crossref pdf
17. Larsen E, Bjerg-Nielsen A, Christensen P. Conservative or surgical treatment of acromioclavicular dislocation. A prospective, controlled, randomized study. J Bone Joint Surg Am 1986; 68(4):552–5.
crossref pmid
18. Lyons FA, Rockwood CA Jr. Migration of pins used in operations on the shoulder. J Bone Joint Surg Am 1990; 72(8):1262–7.
crossref pmid
19. Breslow MJ, Jazrawi LM, Bernstein AD, Kummer FJ, Rokito AS. Treatment of acromioclavicular joint separation: suture or suture anchors. J Shoulder Elbow Surg 2002; 11(3):225–9. doi: 10.1067/mse.2002.123904.
crossref pmid
20. Su EP, Vargas JH 3rd, Boynton MD. Using suture anchors for coracoclavicular fixation in treatment of complete acromioclavicular separation. Am J Orthop (Belle Mead NJ) 2004; 33(5):256–7.
pmid
21. Moon GH, Nam IH, Lee YH, Kim KC, Lee JH, Ahn GY. The modified phemister operation with the suture anchor added for the augmentation of conoid ligament in acute acromioclavicular dislocation. Clin Shoulder Elbow 2010; 13(1):34–9. doi: 10.5397/CiSE.2010.13.1.034.
crossref pdf
22. Rockwood C, Williams G, Young D. Disorders of the acromioclavicular joint. In: Rockwood CA, eds. The shoulder. 3rd ed. Philadelphia: Saunders; 2004. p. 521–95.

23. Constant CR, Murley AH. A clinical method of functional assessment of the shoulder. Clin Orthop Relat Res 1987; (214):160–4.
crossref
24. Tae SK, Rhee YG, Park TS, et al. The development and validation of an appraisal method for rotator cuff disorders: the Korean Shoulder Scoring System. J Shoulder Elbow Surg 2009; 18(5):689–96. doi: 10.1016/j.jse.2008.11.019.
crossref pmid
25. Lizaur A, Sanz-Reig J, Gonzalez-Parreño S. Long-term results of the surgical treatment of type III acromioclavicular dislocations: an update of a previous report. J Bone Joint Surg Br 2011; 93(8):1088–92. doi: 10.1302/0301-620X.93B8.26775.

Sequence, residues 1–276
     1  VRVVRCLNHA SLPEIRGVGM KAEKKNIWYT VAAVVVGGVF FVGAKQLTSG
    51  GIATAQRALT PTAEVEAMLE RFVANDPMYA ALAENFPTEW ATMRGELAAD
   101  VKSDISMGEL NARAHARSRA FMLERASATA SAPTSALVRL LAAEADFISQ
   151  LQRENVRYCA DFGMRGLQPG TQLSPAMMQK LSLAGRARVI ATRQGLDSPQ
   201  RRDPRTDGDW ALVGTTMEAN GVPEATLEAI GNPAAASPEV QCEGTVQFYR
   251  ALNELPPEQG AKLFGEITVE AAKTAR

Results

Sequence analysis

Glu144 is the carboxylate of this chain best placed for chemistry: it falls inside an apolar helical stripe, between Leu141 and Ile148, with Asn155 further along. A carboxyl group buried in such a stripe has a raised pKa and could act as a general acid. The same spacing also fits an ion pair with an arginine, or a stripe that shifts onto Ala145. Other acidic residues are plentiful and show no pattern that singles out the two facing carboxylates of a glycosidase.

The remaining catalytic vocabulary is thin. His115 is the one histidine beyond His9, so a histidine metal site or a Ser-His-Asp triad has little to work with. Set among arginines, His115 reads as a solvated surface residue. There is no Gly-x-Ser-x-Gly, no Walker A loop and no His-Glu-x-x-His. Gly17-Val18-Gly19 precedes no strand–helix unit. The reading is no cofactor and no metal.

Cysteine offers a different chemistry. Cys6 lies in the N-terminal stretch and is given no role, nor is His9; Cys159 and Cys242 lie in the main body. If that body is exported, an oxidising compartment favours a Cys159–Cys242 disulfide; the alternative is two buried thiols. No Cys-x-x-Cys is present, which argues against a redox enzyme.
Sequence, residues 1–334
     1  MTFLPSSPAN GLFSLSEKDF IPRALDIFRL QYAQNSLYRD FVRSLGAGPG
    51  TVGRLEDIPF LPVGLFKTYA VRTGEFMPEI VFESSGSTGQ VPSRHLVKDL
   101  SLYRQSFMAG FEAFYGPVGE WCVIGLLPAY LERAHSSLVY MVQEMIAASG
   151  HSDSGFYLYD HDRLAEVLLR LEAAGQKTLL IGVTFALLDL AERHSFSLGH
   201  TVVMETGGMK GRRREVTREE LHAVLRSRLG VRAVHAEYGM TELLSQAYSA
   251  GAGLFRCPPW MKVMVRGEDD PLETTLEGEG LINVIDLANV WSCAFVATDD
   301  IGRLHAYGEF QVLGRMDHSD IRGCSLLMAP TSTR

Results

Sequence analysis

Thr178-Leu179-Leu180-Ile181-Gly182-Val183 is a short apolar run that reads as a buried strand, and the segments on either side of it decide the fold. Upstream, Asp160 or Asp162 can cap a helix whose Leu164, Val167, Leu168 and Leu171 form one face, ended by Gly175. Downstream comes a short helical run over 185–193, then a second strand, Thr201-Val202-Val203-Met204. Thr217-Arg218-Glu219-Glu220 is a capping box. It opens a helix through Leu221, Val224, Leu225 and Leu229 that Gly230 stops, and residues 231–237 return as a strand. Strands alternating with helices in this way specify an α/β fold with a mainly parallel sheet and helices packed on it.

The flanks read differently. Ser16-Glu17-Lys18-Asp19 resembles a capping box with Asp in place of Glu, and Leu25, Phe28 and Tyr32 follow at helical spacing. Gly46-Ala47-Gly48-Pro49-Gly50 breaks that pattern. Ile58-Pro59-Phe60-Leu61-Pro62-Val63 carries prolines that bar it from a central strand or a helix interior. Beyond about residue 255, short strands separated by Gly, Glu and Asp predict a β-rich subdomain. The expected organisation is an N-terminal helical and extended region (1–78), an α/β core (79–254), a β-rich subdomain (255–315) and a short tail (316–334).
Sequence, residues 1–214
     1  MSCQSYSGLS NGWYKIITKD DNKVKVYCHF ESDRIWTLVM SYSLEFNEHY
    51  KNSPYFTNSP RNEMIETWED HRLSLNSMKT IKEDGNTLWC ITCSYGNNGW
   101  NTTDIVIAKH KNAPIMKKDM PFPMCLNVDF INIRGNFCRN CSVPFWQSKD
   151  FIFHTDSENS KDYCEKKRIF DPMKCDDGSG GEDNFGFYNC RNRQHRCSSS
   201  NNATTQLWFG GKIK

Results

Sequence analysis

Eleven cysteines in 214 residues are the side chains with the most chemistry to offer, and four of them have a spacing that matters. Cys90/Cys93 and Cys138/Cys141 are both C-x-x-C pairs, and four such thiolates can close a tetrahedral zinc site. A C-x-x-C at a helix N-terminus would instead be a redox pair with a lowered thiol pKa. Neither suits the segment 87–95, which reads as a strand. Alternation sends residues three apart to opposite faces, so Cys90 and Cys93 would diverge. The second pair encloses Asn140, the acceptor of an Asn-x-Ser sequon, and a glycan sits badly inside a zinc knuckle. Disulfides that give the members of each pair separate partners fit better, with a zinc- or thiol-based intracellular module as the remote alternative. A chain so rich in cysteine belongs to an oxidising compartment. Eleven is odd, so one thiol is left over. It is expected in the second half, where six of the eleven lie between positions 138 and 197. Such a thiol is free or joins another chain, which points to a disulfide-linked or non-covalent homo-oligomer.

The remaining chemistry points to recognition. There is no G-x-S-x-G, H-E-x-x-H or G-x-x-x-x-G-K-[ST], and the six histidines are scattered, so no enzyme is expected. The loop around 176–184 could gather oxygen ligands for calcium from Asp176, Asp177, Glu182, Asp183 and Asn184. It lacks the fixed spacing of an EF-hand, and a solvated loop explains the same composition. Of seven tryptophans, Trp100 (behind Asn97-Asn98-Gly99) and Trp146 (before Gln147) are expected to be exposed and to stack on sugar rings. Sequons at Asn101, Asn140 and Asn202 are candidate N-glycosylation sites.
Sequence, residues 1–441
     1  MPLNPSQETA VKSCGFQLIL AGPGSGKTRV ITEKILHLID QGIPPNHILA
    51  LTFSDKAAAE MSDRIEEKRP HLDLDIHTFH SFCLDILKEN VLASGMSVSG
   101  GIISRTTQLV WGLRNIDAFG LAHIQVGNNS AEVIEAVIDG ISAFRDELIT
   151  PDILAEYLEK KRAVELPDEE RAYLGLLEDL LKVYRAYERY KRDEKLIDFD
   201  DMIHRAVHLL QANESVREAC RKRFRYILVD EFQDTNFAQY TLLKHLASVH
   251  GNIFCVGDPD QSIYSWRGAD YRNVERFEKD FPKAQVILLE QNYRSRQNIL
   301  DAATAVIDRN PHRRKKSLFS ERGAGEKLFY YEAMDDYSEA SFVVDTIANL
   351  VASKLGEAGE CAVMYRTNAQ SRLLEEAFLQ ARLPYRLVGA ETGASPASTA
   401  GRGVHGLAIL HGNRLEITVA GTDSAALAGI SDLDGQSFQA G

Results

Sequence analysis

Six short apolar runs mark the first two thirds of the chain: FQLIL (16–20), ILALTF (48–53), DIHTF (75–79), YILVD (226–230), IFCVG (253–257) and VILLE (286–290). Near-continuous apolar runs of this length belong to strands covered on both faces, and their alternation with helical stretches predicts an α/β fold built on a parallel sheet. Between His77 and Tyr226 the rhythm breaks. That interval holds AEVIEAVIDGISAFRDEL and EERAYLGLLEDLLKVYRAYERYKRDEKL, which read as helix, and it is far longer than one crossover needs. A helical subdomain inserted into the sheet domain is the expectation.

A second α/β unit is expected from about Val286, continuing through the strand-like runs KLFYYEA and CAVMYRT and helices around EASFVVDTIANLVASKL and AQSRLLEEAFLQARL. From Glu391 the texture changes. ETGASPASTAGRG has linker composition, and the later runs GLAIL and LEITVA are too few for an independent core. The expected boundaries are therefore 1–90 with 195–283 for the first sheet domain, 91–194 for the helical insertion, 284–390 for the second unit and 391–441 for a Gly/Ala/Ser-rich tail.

crossref pmid
26. Fraser-Moodie JA, Shortt NL, Robinson CM. Injuries to the acromioclavicular joint. J Bone Joint Surg Br 2008; 90(6):697–707. doi: 10.1302/0301-620X.90B6.20704.
crossref
27. Tomlinson DP, Altchek DW, Davila J, Cordasco FA. A modified technique of arthroscopically assisted AC joint reconstruction and preliminary results. Clin Orthop Relat Res 2008; 466(3):639–45. doi: 10.1007/s11999-007-0085-3.
crossref pmid pmc
28. Choi SW, Lee TJ, Moon KH, Cho KJ, Lee SY. Minimally invasive coracoclavicular stabilization with suture anchors for acute acromioclavicular dislocation. Am J Sports Med 2008; 36(5):961–5. doi: 10.1177/0363546507312643.
crossref pmid
29. Rolf O, Hann von Weyhern A, Ewers A, Boehm TD, Gohlke F. Acromioclavicular dislocation Rockwood III-V: results of early versus delayed surgical treatment. Arch Orthop Trauma Surg 2008; 128(10):1153–7. doi: 10.1007/s00402-007-0524-3.
crossref pmid pdf
30. Corella F, Ortiz A, Ló D, Ocampos M, Calvo JA, Vaquero J. [Surgical treatment of acromioclavicular dislocations with the Phemister method: the long-term results]. Patol Apar Locomot 2006; 4:157–66. Spanish.

31. Verdano MA, Pellegrini A, Zanelli M, Paterlini M, Ceccarelli F. Modified Phemister procedure for the surgical treatment of Rockwood types III, IV, V acute acromioclavicular joint dislocation. Musculoskelet Surg 2012; 96(3):213–22. doi: 10.1007/s12306-012-0221-4.
crossref pmid pdf
32. Kim YJ, Chun YM. Treatment of acute acromioclavicular joint dislocation: Kirschner’s wire trans-acromial fixation versus AO locking hook plate fixation. Clin Shoulder Elbow 2016; 19(3):149–154. doi: 10.5397/cise.2016.19.3.149.
crossref pdf
33. Mayr E, Braun W, Eber W, Rüter A. [Treatment of acromioclavicular joint separations. Central Kirschner-wire and PDSaugmentation]. Unfallchirurg 1999; 102(4):278–86. German.
crossref pdf
34. Calvo E, López-Franco M, Arribas IM. Clinical and radiologic outcomes of surgical and conservative treatment of type III acromioclavicular joint injury. J Shoulder Elbow Surg 2006; 15(3):300–5. doi: 10.1016/j.jse.2005.10.006.
crossref pmid


ABOUT
ARTICLE CATEGORY

Browse all articles >

BROWSE ARTICLES
EDITORIAL POLICY
FOR CONTRIBUTORS
Editorial Office
Department of Orthopaedic Surgery, Seoul National University Hospital,
#6603, 101 Daehak-ro, Jongno-gu, Seoul 03080, Korea
Tel: +82-2-3410-1854    Fax: +82-2-3410-0061    E-mail: journal@cisejournal.org                

Copyright © 2021 by Korean Shoulder and Elbow Society.

Developed in M2PI

Close layer
prev next